• Empowered Music Students,  Inquiry

    Inquiry In Music Classes

    Michelle Baldwin is a music teacher and instructional coach at Anastasis Academy in Centennial, Colorado. She has been teaching music for 25+ years in a variety of settings and has been at Anastasis Academy since 2011. Michelle talked to us about how she incorporates inquiry into her music classes.  Anastasis Academy follows an inquiry model, where instead of simply delivering content, students are encouraged to discover, experience, and ask deep questions. When this happens, learning is more relevant and meaningful to the students. The school follows the International Baccalaureate themes of who we are, where we are in place and time, and how we express ourselves. Content spirals through the…

  • Empowered Music Students,  Voice and Choice

    Creating a Student-Run Charity Concert

    We had the pleasure of interviewing Allison Rakickas, a junior high school band director in Aptakisic-Tripp School District in Buffalo Grove, Illinois. She’s been in Aptakisic-Tripp School District for 20+ years, first teaching 5th and 6th grade band, and now 7th and 8th grade band. Allison talked to us about how she passed the baton to her students so they could plan and implement a charity concert. A new performance space in her school inspired Allison; it was a small venue that could hold about 125 audience members. She wanted to give the 6th-grade students a voice in determining how to use this space and decided that they would put on a benefit concert.…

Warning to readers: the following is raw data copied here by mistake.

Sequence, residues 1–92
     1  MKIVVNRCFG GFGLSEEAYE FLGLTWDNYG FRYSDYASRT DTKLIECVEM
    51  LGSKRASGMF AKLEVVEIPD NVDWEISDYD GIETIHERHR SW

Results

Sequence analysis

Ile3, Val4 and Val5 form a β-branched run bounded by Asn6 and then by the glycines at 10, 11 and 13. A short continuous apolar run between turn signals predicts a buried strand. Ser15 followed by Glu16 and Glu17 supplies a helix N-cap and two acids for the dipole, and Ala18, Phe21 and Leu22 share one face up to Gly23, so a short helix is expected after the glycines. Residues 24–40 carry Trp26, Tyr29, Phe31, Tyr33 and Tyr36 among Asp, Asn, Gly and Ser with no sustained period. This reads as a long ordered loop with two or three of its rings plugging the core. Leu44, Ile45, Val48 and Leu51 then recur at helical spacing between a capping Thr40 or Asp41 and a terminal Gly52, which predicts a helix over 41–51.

• Empowered Music Students,  Voice and Choice

    Consider the Learner Experience

    One thing we have learned over the last nine months is that music teachers are incredibly creative people and very capable of innovation! We’ve seen bitmoji classrooms, virtual field trips, bouncing ball videos and more. All of this to meet the musical needs of our students during a highly unusual time in history. Where there’s a will, there’s a way! As we enter the second half of the school year and continue on this creative path, we should keep one thing in mind: always consider the learner experience.  We’ve seen teachers post on social media about how they’ve spent 30 minutes explaining a concept only to have student submissions lacking…